Their first battle in December of 2018 was an entertaining and surprisingly dramatic tilt with an unforgettable final round, but the draw verdict at the end left many dissatisfied. But now, at long last, chapter two in what could well become an historic heavyweight rivalry is just days away. And indeed, what better cure for the February blahs could there be than Wilder vs Fury II, a showdown to decide ostensibly the lineal heavyweight king, as well as the logical next opponent for that other heavyweight titlist, Anthony Joshua? It’s another high-stakes clash between two of boxing’s most colorful characters, the power of “The Bronze Bomber” vs the unorthodox ring smarts of “The Gypsy King.” Who’s gonna take it? The fine people at your favorite independent boxing website got their picks locked and loaded. Check ’em out:
In the first fight, Wilder stalked Fury with one thing in mind: land the right hand. Deontay occasionally jabbed to the body and chest and snuck in the odd left hook downstairs, but ultimately, he was just too impatient and predictable in search of the knockout. When Fury wasn’t rolling, slipping and sliding away from the right hand, he nullified it by disrupting Wilder with feints, not allowing him to set his feet, and by occupying his guard with the jab and quick-fire one-twos.
But Fury’s primary and most intuitive defensive measure was to duck under the big right. However, that reliance on ducking almost cost him, as Deontay started aiming lower with the right hand and timing Fury as he ducked. This adjustment led to Wilder scoring two knockdowns in the last four rounds, which in turn led to him getting a draw in a fight where he lost the majority of rounds.
“Boxers” typically come out on top against “punchers” in rematches, but I sense we’re going to see a different approach from at least one man that could alter the style dynamic. Fury said he wants the knockout, and I believe him. How he will go about getting it requires some guesswork, but I suspect he may try to work up close where he can impose his size and dig to the lanky, skinny-legged man’s body while taking away punching leverage. Here’s the problem: I don’t believe Tyson will be able to do that without, at some point, getting nailed on the way in by boxing’s biggest puncher.
Tyson is hard to hit cleanly when he stays behind the jab and circles, but when he holds his feet or moves forward, he is easier to find. Conversely, I believe Wilder will be more methodical and less gung-ho this time; less predictable and more dangerous. Rather than actively pursuing his man, don’t be surprised if Wilder sits back and tries to lure Tyson into the right hand, which would not only help disguise the punch, but amplify its impact.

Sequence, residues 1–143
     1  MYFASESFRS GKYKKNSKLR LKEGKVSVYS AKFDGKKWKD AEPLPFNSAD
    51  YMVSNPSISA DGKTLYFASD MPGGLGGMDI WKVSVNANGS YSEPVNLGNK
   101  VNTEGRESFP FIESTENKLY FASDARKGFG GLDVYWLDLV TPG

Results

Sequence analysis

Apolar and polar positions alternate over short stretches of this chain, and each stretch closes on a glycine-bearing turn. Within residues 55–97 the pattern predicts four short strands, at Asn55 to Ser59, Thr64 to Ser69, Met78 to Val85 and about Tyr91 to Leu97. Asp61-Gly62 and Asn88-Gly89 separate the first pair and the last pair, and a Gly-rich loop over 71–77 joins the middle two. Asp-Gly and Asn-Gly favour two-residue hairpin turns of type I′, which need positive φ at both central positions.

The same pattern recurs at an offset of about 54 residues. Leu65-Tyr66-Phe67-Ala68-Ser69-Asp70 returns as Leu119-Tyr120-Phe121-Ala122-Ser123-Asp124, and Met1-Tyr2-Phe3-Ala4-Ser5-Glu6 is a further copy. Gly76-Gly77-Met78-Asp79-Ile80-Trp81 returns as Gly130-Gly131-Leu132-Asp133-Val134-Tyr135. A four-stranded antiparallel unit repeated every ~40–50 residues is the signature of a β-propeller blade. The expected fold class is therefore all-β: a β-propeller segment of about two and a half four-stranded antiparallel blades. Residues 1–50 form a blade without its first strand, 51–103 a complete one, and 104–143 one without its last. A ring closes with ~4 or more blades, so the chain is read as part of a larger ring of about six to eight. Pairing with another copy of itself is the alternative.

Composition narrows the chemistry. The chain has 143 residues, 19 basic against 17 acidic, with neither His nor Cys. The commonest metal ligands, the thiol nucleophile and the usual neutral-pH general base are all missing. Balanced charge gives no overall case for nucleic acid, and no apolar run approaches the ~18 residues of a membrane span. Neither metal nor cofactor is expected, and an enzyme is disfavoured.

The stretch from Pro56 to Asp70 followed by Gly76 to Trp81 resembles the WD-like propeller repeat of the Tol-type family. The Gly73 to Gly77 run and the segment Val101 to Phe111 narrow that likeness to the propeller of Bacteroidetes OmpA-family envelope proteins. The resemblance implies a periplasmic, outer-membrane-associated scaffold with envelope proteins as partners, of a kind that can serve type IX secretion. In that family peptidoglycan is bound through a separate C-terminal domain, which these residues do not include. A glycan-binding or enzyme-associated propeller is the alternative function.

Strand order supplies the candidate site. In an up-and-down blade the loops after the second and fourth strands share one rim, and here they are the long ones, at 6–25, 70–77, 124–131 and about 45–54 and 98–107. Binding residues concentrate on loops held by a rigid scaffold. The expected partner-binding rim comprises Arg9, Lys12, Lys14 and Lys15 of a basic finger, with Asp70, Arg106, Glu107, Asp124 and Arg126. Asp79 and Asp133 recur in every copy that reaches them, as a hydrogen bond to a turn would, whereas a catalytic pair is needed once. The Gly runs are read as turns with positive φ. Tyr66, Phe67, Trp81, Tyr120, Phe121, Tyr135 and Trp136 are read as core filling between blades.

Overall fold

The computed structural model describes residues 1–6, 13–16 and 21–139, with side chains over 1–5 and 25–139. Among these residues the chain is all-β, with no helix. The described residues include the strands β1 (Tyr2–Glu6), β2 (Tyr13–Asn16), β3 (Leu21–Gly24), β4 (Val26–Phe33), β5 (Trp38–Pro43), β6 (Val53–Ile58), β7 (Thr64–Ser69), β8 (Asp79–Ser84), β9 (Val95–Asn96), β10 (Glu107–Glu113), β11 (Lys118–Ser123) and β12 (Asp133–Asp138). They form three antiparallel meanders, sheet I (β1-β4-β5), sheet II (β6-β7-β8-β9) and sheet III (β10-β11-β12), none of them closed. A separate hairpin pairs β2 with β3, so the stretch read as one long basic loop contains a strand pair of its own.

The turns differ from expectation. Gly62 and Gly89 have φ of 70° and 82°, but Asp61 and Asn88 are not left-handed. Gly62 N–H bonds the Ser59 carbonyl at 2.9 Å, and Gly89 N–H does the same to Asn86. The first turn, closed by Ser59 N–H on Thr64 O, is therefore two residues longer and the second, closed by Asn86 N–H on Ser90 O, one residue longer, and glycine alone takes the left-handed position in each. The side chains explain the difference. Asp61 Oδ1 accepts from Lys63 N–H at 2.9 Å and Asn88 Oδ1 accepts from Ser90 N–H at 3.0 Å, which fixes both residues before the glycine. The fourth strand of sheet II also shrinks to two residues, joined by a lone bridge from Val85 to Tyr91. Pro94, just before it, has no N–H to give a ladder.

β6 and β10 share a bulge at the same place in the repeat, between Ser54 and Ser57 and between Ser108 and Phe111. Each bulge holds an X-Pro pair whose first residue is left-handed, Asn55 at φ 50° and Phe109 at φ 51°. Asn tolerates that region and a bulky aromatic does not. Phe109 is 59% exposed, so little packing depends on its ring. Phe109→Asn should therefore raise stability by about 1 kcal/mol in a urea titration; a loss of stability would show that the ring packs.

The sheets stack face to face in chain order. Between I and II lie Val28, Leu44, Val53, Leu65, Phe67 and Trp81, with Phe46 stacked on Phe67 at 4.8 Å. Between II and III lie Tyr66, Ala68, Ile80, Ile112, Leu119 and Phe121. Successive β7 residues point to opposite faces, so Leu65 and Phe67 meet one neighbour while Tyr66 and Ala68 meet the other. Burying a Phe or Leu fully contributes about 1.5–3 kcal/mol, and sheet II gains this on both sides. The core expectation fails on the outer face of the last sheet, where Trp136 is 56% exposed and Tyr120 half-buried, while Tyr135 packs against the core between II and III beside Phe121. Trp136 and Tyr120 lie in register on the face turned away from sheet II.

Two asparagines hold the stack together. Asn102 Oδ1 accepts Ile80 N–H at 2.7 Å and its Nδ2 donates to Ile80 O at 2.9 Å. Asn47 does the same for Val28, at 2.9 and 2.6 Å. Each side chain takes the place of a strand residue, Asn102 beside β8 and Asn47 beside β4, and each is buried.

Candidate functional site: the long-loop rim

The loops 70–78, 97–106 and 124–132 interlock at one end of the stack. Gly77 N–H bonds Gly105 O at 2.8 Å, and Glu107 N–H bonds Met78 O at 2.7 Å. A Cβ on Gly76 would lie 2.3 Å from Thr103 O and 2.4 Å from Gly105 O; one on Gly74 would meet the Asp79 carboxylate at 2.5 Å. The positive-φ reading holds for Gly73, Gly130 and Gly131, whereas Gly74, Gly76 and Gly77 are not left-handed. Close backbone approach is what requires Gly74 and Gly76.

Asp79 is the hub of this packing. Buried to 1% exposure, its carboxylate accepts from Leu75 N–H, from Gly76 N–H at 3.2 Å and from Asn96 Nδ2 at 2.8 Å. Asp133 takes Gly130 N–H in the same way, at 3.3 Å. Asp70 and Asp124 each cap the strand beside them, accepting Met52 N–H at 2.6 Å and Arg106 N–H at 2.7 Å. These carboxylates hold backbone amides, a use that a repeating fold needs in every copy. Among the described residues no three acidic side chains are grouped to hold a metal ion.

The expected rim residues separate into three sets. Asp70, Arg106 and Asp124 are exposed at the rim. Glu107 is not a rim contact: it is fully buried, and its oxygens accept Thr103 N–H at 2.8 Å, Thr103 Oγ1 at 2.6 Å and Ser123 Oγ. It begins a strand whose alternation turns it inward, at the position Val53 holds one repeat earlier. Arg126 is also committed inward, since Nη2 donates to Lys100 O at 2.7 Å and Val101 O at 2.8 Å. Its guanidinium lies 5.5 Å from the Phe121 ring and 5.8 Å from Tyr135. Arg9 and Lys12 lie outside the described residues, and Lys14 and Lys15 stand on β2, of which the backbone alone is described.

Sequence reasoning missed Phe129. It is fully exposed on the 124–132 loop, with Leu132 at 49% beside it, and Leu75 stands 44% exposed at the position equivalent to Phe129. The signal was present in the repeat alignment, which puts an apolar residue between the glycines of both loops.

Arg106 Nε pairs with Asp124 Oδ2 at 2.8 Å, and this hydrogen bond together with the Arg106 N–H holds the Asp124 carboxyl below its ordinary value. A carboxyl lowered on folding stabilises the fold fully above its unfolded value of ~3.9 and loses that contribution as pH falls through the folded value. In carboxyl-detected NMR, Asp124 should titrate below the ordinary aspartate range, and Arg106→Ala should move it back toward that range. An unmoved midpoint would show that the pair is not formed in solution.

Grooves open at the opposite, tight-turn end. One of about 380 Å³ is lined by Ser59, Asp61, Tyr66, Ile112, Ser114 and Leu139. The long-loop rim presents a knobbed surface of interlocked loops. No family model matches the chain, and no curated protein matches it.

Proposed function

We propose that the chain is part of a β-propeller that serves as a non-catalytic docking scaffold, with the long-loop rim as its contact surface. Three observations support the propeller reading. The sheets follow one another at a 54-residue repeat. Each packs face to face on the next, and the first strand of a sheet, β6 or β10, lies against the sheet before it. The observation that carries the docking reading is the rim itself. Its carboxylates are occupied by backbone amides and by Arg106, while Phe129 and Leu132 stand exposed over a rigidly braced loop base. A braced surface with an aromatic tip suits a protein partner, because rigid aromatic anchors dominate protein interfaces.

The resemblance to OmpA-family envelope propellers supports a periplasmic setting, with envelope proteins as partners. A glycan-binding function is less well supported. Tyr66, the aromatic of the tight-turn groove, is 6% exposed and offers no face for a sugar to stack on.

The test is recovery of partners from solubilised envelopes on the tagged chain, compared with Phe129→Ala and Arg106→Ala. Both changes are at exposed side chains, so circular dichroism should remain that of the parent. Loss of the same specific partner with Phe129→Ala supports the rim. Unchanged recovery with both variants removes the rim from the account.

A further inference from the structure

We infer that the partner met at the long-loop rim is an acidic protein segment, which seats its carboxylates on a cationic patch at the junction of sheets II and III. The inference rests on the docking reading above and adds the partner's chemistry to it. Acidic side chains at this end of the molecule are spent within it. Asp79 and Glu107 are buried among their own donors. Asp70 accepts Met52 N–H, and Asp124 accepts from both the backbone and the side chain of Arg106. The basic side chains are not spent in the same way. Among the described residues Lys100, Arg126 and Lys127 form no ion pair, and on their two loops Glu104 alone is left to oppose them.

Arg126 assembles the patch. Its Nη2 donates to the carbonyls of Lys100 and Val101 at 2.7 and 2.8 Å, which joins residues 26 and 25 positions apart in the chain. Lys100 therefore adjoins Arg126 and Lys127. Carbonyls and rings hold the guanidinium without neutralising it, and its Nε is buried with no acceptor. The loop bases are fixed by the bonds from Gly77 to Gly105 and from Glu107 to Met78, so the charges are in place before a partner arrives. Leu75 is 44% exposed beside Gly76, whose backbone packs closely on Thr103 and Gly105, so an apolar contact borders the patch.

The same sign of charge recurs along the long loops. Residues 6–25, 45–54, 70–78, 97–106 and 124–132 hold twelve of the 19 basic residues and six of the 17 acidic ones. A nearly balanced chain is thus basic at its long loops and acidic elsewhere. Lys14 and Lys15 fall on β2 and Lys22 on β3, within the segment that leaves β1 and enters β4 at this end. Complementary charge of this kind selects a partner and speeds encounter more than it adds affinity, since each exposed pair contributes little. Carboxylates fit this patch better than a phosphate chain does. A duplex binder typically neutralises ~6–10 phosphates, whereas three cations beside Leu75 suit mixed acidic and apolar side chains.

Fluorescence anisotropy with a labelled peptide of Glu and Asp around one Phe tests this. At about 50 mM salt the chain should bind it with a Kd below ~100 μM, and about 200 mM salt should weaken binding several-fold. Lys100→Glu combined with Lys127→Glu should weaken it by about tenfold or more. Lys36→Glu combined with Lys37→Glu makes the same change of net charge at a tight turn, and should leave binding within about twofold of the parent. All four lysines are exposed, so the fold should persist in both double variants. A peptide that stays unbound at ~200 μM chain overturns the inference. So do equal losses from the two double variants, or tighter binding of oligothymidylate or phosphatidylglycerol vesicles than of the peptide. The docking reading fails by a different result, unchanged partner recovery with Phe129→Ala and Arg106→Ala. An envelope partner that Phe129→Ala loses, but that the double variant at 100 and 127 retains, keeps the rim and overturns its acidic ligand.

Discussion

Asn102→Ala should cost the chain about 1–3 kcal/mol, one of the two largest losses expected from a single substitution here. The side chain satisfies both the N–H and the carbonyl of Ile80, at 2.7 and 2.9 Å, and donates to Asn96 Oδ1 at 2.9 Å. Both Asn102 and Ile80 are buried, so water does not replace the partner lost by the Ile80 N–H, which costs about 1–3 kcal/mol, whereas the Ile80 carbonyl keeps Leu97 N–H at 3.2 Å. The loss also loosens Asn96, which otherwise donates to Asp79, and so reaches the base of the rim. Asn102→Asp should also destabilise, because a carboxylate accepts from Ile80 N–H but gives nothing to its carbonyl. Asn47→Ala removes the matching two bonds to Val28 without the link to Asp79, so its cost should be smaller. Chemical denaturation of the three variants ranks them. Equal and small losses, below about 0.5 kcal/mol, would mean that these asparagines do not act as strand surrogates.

Although he didn’t take one flush on the chin, “The Gypsy King” couldn’t avoid Wilder’s money punch for twelve rounds in their first fight despite boxing almost flawlessly. Fury getting hit good and proper with the right now seems inevitable, given he will likely be sitting down on his punches and presenting “The Bronze Bomber” with a more stationary target. Wilder by KO. — Lee Wylie
I had Fury handily winning the first fight, having outboxed and outfoxed the American in most of the rounds. And up until recently, I saw the rematch going the exact same way, just with Fury avoiding the dramatic knockdowns this time. But Fury’s recent split with trusted trainer Ben Davison, in addition to his heavier weight and statements of wanting to stand and trade shots with Wilder, have me more skeptical of his chances. Still, I have to go with Fury by decision, his slick boxing skills again carrying the day over the vaunted puncher. Great equalizing right hand be damned, the Brit will rise to the occasion and wins a convincing decision in the biggest fight of his career. — Jamie Rebner
Deontay Wilder’s the kind of guy that you absolutely cannot afford to have mental lapses against, and what makes him even more dangerous in this rematch is that he has thirty-six minutes of Tyson Fury data to draw from. What allows Wilder to be so devastating late in a fight and in rematches is his ability to discern openings, plus the confidence to never stop believing in himself. But at the same time, he will need to improve on closing the gap on Fury, namely by using his jab more and targeting the body, while not smothering his attack as he often did in the first fight.